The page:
For decades, researchers have argued over the existence of the G-spot, a supersensitive spongy organ on the front vaginal wall that many women report causes vaginal, rather than clitoral, orgasms. Now, a cosmetic surgeon in Florida says he's finally found the G-spot in a dissected cadaver, but rather than settling the question of the G-spot once and for all, the new findings are kicking off a new round of debate.
Adam Ostrzenski, a gynecological surgeon who specializes in cosmetic procedures in St. Petersburg, Florida, published his headline-grabbing study today in the Journal of Sexual Medicine. In it, he describes finding the organ during a dissection of an 83-year-old female cadaver in Poland.
Ostrzenski describes the G-spot as a bluish, grape-like mass housed in a small, see-through sac inside the front wall of the vagina. The mass measured a third of an inch long, but when he excised it from the sac, the G-spot unraveled to a length of over an inch. He found the organ after examining several layers of tissue from the vaginal wall of a woman who had died from a head injury the day before. Ostrzenski had hypothesized that the G-spot would be buried deeper than where common surgical procedures are conducted on the vagina, since it had never been encountered during those operations, and his findings appear to support that conclusion.
But the author of a review of studies published earlier this year on the mysterious erogenous zone says Ostrzenski's organ isn't the G-spot -- and that there probably is no G-spot as we know it. Yale urologist Amichai Kilchevsky and colleagues looked at 96 papers on the topic published since the 1950s, when German gynecologist Ernst Gräfenberg first described a sensitive area in the anterior vagina. Kilchevsky concluded that despite six decades of study, there wasn't enough evidence to support the existence of a G-spot, and that the erogenous zone that triggers women's vaginal orgasms is probably just an extension of the clitoris inside the body. He says there are major problems with the new study, including that it was a single dissection of a woman whose "genito-urinary" history was unknown, and that no physiologic testing of the specimen was conducted to determine if it played any role in arousal. "I don't think this study takes us any closer to finding the G-spot," he says. Ostrzenski included pictures of the organ in his paper, but Kilchevsky thinks they are more likely to depict "clitoral bodies" or a vaginal gland not involved in arousal, like those that secrete lubrication.
Ultimately, the debate over the existence of the G-spot could turn out to be a matter of semantics. After all, even if the arousal center inside the vagina is just an extension of the clitoris, couldn't we still call it the G-spot? "Absolutely," Kilchevsky answers. "My contention is simply that there isn't a distinct anatomical entity called the G-spot. If you want to call an extension of the clitoris the G-spot, that's fine."
Jennifer Abbasi is a science and health writer and editor living in Chicago. Follow Jen on Twitter (@jenabbasi) and email her at firstname.lastname@example.org.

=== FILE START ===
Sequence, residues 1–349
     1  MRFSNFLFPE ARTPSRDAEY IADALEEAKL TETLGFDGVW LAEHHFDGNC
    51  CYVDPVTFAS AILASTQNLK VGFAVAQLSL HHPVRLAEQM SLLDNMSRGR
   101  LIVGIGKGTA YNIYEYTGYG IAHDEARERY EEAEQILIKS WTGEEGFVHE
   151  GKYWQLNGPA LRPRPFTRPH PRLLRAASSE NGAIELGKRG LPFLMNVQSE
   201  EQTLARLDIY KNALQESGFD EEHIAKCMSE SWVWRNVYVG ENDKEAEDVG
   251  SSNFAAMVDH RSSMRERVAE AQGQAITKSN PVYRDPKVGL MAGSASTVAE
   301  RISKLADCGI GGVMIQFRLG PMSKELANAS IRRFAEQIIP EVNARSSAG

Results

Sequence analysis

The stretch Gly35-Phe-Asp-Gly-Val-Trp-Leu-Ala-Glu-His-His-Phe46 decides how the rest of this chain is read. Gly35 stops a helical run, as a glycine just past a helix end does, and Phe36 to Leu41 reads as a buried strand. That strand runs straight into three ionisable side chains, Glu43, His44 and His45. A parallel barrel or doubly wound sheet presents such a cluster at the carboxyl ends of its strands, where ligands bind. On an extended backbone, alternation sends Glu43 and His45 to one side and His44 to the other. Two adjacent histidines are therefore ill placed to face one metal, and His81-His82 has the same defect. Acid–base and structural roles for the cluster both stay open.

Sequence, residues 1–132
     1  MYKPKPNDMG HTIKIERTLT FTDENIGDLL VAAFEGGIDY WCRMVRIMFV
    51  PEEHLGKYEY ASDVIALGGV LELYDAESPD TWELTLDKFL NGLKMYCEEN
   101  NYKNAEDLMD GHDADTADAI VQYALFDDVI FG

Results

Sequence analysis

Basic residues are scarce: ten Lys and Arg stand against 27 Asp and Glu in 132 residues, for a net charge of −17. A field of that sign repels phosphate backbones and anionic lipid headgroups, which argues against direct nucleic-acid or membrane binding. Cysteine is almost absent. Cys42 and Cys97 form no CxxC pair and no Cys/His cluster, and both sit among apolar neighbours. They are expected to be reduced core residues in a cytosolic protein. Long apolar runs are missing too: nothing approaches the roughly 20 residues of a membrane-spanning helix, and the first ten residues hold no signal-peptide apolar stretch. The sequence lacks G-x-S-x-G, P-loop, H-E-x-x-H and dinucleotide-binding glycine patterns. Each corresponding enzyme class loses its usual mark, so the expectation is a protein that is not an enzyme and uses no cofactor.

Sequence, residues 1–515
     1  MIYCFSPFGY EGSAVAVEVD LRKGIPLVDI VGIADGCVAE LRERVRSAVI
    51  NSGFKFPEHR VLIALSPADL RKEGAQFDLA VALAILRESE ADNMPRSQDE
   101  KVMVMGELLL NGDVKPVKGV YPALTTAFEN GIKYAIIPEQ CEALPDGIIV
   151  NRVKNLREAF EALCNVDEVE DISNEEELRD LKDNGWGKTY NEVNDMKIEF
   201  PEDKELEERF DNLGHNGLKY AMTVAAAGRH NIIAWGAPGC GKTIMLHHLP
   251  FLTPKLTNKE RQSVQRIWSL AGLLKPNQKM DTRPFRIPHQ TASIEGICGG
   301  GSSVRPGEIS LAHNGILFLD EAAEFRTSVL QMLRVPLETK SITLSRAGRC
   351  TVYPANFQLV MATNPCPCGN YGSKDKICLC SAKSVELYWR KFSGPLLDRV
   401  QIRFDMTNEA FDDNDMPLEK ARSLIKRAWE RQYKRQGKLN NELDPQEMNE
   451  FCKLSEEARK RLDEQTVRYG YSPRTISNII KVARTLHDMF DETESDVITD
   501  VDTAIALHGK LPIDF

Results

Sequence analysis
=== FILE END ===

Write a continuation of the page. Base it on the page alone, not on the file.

The G-Spot does exist. I'm sorry that the author has never experienced a g-spot o herself. I suggest to get a better lover :-P
I found that G spot about 45 years ago when I sent my girlfriend crawling up the wall backward moan and groaning. I think the author should spend more time down at the Adult Novelty Shop.
Obviously it does not exist as a separate organ. It would have been found long ago! Ostrzenski's story does not seem very plausible either unless there are significant details missing.
Is there a more sensitive nerve area that perhaps assists in child birth? Possibly. But a completely distinct organ that somehow can't be scanned for and is not mirrored in some way in male anatomy just seems too unlikely. We are all a bit different when it comes to the fine details, and can have heightened sensitivity in many different body parts. It just makes sense that many people would experience this unusual heightening in an area where there was a very high nerve density.
that was a demonic possession, I think. No credit for you.
Oh oh (G)od, (G)OD yes YES!
(G)asp, yes yes more!
Purrrr, ....... (G)iggle, oh thank you baby.... ;)
Oh yes the (G) spot does very much exist.
Science sees no further than what it can sense, i.e. facts.
Religion sees beyond the senses, i.e. faith.
Open your mind and see!
i feel dirty after reading this...
to mars or bust!
Better change your name to (G)obot after that one!
yer looking a bit pale too.
Popular, Yes. Science, mmm... maybe not so much..
still good break from trying to grapple neutrino's and other neuron melting sci-jargon. Kick Ass PopSci!!
The "G" spot does not exist because it is spelled with a "J" as in "Jeepers that feels good". So, to end this frivolous speculation, never mind looking for the "G", just insert your finger in a "J" shape and your girlfriend will love you for it.
...how the HELL did he get women to go along with his data collecting?
"Hey, I need to have sex with you."
"Ew, no way!"
"It's for science."
"GET INSIDE ME"
my buddy's step-mother makes Dollar 73/hour on the computer. She has been without work for six months but last month her income was Dollar 12032 just working on the computer for a few hours. why not find out more...